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Matthew Beck, who graduated in 2008 with his M.S. Ed. in school counseling from Western Illinois University-Quad Cities, was named the GLSEN (the Gay, Lesbian & Straight Education Network) 2013 Educator of the Year. Beck is in his sixth year as a professional school counselor at Erie Elementary School in Erie (IL).
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WIU School Counseling Alum Named GLSEN Educator of the Year

May 14, 2013

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MACOMB, IL — An alumnus of Western Illinois University has been named the GLSEN (the Gay, Lesbian & Straight Education Network) 2013 Educator of the Year. Matthew Beck, who graduated in 2008 with his M.S. Ed. in school counseling from WIU-QC, was recognized with the annual award by the organization last week. Beck is in his sixth year as a professional school counselor at Erie Elementary School in Erie (IL).

According to May 7 GLSEN press release, the organization's Educator of the Year honor "recognizes an exceptional education professional who has enriched his or her community by ensuring that all students, particularly lesbian, gay, bisexual and transgender (LGBT) students, are safe from bullying and harassment. The award honors an educator who works not only to ensure safety, but impacts measurable change that is visible within that person's school district and community."

The GLSEN release stated that, last year, the Erie Community Unit School District school board banned GLSEN materials and elementary school resources that teach respect for all families and address anti-LGBT name-calling. According to GLSEN, the district banned such programs as "No Name-Calling Week," which is endorsed by more than 50 national education and youth organizations. The district also banned "Ready, Set Respect!," an elementary school toolkit created in partnership with the National Association of Elementary School Principals and the National Association for the Education of Young Children.

In response to the ban, Beck worked to produce a reading night activity to address the inability to use these materials in the school.

"After GLSEN and resources that depicted same sex families, non-traditional family structures and LGBT were not allowed to be used at Erie Elementary School, parent advocates kept asking me as the professional school counselor for ways for their children to hear these messages. Along with parent and colleague support, retired area teachers read age-appropriate inclusive books and GLSEN materials and led our evening in healthy and respectful conversations. Many parents, community members and children attended the educational reading night. Author Todd Parr sent a personal Skype to Erie children reading his favorite story, 'The Family Book,'" Beck explained.

According to Beck, before the ban, the Erie Elementary School has benefited immensely from GLSEN programs. He noted that GLSEN's "Ready, Set, Respect!" tool-kit helped the elementary school tackle biased language and name-calling concerns in early 2012 and helped build more culturally responsive classrooms by recognizing and fostering the diversity of all students, staff and families.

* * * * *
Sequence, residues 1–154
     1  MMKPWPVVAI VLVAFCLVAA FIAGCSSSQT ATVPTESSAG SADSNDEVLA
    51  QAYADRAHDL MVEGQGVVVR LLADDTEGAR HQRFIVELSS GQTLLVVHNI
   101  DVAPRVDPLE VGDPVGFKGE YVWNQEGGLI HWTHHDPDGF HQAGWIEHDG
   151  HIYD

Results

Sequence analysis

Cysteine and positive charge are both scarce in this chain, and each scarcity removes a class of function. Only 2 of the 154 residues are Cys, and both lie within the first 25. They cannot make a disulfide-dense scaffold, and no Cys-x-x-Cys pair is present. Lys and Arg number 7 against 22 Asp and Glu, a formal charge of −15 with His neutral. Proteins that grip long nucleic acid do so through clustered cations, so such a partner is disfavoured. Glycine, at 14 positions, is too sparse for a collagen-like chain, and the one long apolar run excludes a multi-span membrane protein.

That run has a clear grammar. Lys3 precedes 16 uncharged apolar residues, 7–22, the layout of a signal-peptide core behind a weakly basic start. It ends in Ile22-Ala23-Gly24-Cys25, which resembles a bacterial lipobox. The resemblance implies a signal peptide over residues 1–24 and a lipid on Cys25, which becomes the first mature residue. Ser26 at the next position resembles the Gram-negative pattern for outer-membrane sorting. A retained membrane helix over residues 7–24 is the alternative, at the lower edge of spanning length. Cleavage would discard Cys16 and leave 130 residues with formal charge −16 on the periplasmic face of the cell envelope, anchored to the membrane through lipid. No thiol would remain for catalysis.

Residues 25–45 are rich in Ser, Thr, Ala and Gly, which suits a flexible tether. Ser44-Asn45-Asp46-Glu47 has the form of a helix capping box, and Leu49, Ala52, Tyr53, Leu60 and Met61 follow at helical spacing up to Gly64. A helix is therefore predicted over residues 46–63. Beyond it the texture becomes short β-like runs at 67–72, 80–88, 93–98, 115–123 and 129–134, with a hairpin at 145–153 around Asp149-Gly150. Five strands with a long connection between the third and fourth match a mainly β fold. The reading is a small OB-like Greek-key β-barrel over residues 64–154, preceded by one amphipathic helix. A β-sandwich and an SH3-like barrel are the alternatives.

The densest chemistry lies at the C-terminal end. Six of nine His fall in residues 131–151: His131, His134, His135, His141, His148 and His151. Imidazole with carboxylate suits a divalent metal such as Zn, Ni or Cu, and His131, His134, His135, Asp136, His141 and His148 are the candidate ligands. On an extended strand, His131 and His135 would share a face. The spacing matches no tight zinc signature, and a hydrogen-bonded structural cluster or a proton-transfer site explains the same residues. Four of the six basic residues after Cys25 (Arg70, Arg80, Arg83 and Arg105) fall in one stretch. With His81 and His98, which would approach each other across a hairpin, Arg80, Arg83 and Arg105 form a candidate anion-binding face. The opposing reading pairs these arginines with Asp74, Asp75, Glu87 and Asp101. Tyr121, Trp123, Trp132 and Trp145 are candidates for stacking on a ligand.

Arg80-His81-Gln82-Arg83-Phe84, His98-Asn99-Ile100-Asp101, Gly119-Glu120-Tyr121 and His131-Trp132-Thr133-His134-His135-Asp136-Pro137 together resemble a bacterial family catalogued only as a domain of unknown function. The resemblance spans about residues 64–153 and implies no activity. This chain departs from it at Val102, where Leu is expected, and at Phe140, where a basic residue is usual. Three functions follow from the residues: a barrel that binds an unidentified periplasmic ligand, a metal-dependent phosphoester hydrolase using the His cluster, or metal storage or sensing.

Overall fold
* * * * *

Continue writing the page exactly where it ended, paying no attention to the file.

Beck, who describes his philosophy as one that encompasses "respect for all," is a presenter in the educational community and helps schools address LGBT and multicultural issues. Since earning his M.S. Ed. in school counseling, he has presented in several educational courses that address creating safe and affirming school climates at Western. Since 2010, Beck has worked with graduate level students in group-counseling settings and served as a substitute instructor for faculty in the WIU Department of Counselor Education.

"I learned about the school counseling program available at Western from Dr. Holly Nikels, and as a student there, the faculty taught me to epitomize the strength that you do not give up and retreat when setbacks arise, especially when it goes against what is ethical. My philosophy has been fostered by my professional training, mentorship and advocacy that I learned at Western," he said. "Professional school counselors serve as agents of change in schools by creating comprehensive and developmental programs that teach children it is okay to be different, that families come in all shapes and sizes and that respect for others is the common goal we can all share and strive for. The professional mentorship provided to me by Dr. Nikels prepared me to design school counseling programs in which every child can learn to their fullest potential."

According to Nikels, Beck's commitment to his students and his profession are apparent in all he does.

"On behalf of WIU's counselor education department, I want to congratulate Matt on this well-deserved honor. He consistently uses what is best for children as his compass in developing and implementing prevention programming and interventions for his students. Matt is a respected counseling professional, an honorable WIU alumnus and a cherished colleague. We are proud to have been a part of his journey," Nikels said.

Beck added that Erie's motto—which is "Where Children Come First"—has served as his motivation and kept him focused and grounded in creating welcoming classrooms for all over the last year.

"Erie educators have partnered with me in advocating for positive, respectful and inclusive programs," Beck said. "For my students, I just want them to remember to keep celebrating who they are."

For more information, contact Beck at (563) 340-7376 or via e-mail at

Learn more about the WIU-QC counselor education department at

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